Historien om voldtekten av en 15 år gammel fransk-sveitsisk gutt i Dubai har satt et ubehagelig lys på den styrtrike og fremgangsrike staten. Guttens mor, journalisten Veronique Robert, anklager myndighetene for å ofre hennes sønn på prektigheten og dobbeltmoralens alter: Dubai må ikke forbindes med HIV og homofili.

Moren sier myndighetene visste at en av de tre voldtektsmennene var HIV-positiv, likevel sa de ingenting. Moren og sønnen måtte forlate Dubai etter at franske diplomater sa sønnen risikerte å bli tiltalt for homofili!

Saken berører ikke bare den muslimske verdens forhold til homofili, men Dubais juridiske system, som er en blanding av stammeregler og islamske lover. Utlendinger klager over at de er rettsløse.

Tidligere denne uken ble 4.000 asiatiske arbeidere arrestert da de streiket for høyrere lønn.

The mother of a 15-year-old French-Swiss boy who was allegedly sexually assaulted by two Emirati men accused authorities Thursday of lying about a defendant’s HIV status to cover up the fact that AIDS exists in this booming Arab city-state.

The case has exposed deep rifts over attitudes toward homosexuality and what critics call an outmoded legal system, mixing religious and tribal values.

Dubai officials have defended their handling of the case and said the teenager and his family were treated fairly. They have refused to comment publicly on the mother’s accusations, and the United Arab Emirates Embassy in Washington also had no immediate comment.

The mother, Veronique Robert, a French journalist, told The Associated Press in Paris that she had obtained an official document, dated 2003, indicating authorities in the United Arab Emirates knew one defendant was HIV positive then.

Nevertheless, Emirates authorities told her and French diplomats on four separate occasions after the July attack that none of the three defendants was HIV positive, she said.

«This was a lie of the state,» Robert said. «They willfully prevented us from getting treatment for our son so that, above all, nobody would find out that AIDS exists in the Emirates.»

The teenager and his mother also accuse a police forensic doctor of calling the boy a homosexual while examining him after the alleged assaults.

Robert said she and her son, who previously had attended school in Dubai, where his father works, left the country early last month because French diplomats told her that her son might be prosecuted for homosexual acts, a crime here.

The AP is using Robert’s name with her agreement, but is not identifying her son.

French officials have not commented publicly on the case, but a French diplomatic official in Paris, who spoke on condition of anonymity, said French officials had asked Dubai to do everything possible so that the attackers are held responsible in court.

Two Emirati men, age 18 and 35, are on trial in Dubai, charged with kidnapping Robert’s son and another French boy, who were headed home from a shopping mall at the time, and sexually assaulting Robert’s son.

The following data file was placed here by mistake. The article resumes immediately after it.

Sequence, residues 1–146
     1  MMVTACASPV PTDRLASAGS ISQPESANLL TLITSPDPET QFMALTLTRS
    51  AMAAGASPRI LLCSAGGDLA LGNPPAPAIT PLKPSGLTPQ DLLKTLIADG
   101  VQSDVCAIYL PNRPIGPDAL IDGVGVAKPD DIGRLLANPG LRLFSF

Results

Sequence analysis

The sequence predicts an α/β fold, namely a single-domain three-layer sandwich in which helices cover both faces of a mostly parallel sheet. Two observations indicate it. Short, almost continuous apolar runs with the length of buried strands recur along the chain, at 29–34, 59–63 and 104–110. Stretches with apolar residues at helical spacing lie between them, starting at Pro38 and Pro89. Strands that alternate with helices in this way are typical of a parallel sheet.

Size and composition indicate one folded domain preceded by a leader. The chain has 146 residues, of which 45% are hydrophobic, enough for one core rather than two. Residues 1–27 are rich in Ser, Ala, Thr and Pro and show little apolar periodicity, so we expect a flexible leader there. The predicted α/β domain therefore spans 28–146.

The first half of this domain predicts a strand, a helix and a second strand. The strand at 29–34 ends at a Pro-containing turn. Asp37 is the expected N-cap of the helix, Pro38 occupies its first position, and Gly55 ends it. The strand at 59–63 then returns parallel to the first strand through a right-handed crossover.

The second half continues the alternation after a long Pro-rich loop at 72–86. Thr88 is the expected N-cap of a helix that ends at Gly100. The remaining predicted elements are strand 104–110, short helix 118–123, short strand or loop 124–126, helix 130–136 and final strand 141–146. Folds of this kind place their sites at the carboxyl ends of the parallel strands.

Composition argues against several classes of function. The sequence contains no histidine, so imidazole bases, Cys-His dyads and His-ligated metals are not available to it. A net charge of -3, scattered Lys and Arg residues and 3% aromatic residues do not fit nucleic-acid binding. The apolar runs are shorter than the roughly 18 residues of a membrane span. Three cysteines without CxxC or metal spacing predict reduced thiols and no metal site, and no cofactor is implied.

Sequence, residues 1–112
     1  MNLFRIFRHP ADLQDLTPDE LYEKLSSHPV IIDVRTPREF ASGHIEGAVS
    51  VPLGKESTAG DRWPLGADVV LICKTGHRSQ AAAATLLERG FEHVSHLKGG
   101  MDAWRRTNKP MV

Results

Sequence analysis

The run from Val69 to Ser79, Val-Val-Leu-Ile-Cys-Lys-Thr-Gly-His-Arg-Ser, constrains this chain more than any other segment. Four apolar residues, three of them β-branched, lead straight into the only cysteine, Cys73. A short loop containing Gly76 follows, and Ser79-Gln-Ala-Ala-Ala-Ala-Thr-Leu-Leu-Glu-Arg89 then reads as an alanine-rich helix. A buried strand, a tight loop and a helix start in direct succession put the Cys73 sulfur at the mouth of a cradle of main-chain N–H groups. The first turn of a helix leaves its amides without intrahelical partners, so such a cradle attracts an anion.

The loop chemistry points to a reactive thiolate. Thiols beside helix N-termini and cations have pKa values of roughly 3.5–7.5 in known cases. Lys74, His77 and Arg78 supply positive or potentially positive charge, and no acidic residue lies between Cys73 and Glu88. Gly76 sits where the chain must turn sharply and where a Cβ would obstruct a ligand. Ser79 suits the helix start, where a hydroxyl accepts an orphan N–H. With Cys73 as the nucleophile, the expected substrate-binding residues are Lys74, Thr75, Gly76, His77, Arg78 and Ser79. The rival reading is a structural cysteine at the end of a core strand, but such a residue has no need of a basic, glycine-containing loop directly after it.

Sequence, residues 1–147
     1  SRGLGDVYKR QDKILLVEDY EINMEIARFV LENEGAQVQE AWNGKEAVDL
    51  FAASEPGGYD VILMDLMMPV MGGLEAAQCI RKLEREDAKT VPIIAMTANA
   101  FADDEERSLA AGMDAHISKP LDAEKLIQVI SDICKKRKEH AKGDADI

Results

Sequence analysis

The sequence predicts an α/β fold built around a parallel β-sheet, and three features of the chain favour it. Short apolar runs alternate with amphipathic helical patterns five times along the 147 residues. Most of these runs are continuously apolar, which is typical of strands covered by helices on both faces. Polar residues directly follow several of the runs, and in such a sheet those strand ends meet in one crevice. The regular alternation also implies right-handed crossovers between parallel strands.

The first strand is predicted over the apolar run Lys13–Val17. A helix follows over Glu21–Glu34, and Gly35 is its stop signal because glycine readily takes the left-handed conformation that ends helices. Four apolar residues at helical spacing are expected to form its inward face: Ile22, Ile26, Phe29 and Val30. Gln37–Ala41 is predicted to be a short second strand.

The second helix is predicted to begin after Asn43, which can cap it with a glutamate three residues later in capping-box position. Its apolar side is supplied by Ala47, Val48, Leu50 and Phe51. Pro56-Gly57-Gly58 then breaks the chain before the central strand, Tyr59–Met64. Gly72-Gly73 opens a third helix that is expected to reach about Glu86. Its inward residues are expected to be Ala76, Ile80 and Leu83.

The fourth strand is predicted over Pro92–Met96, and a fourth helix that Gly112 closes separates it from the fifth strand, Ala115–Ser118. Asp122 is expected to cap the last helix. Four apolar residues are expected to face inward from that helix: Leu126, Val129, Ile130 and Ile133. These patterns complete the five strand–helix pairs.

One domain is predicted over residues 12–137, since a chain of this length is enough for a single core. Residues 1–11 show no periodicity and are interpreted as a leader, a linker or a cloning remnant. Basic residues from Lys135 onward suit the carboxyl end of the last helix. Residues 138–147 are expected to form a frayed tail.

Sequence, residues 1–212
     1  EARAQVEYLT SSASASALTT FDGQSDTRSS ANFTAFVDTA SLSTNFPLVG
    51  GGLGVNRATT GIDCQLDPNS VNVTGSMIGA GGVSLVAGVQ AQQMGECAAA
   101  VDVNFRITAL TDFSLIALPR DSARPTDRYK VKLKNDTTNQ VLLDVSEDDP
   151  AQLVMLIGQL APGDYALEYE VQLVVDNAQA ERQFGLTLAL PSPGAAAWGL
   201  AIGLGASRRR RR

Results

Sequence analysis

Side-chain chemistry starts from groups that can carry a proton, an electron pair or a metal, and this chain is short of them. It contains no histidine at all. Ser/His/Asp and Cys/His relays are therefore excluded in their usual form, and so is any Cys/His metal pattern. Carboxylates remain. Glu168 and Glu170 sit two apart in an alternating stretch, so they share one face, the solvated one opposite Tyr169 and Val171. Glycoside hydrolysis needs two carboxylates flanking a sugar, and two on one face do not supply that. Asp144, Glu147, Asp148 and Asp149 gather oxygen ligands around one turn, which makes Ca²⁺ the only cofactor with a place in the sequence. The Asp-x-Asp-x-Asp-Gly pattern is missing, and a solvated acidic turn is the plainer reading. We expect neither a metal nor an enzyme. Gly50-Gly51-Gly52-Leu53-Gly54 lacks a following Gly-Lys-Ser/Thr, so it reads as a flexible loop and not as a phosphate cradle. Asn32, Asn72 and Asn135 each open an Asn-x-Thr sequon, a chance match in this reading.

A third defendant, also accused of taking part in the assault and also Emirati, is being tried in a juvenile court, where the proceedings are closed to the public.
According to court documents, the alleged attack began when the juvenile defendant offered the two French boys, one of whom he knew slightly, a ride home from a Dubai mall. The two boys got in the car and were later joined by the two adult defendants.

The group drove to the edge of the Dubai desert, where the three defendants allegedly threatened the boys and took turns sexually assaulting Robert’s son in the car, while the other boy was told to stay behind a sand dune, according to the court documents.

The 15-year-old told police that one defendant threatened him, saying he would «burn down your house and burn your parents after I’ve had sex with your mother.»

After the attack, the two boys managed to get a taxi home. They reported the assault to police who arrested all three defendants the same day, court documents said.

Last week, the two adult defendants pleaded not guilty to charges of kidnapping with deceit and illicit sexual intercourse. The Emirates’ legal system prohibits the media from naming the defendants until a verdict is reached.

The case has caused controversy in this affluent tourist hub, which boasts a prosperous economy and where European tourists and expatriate workers mingle with a more conservative Arab society.

Some expatriates — both European managers and low-paid laborers, mostly from Asia — have long complained that foreigners, who far outnumber Emirati citizens, have few legal rights in Dubai.

Samvittighet og forandringer

Det er påfallende at autoritetene forsvarer systemet med at befolkningen ikke vil ha for raske forandringer, og at dommerne ikke kan gjøre noe som strider mot deres samvittighet. Det er argumenter som aldri ville blitt godtatt i Vesten.

Khalifa al-Shaali, a former Dubai police chief now dean of the law faculty at the University of Ajman, Dubai’s neighboring emirate, said foreigners who come to the Emirates are mostly ignorant of the complex legal system, a combination of Islamic and tribal laws.

Al-Shaali said Emirates judges are fair and «don’t look at religion or nationality» but that the judges, often deeply religious, «are under intense pressure, not from the political system but from their consciences.»

«Some of us are afraid of newcomers, because we feel that social changes might slip beyond our control,» al-Shaali said.

Dubai is one of seven semiautonomous city-states that make up the UAE. It, like much of the Arab world, remains largely hostile to homosexuality.

Alleged sex assault of boy shakes Dubai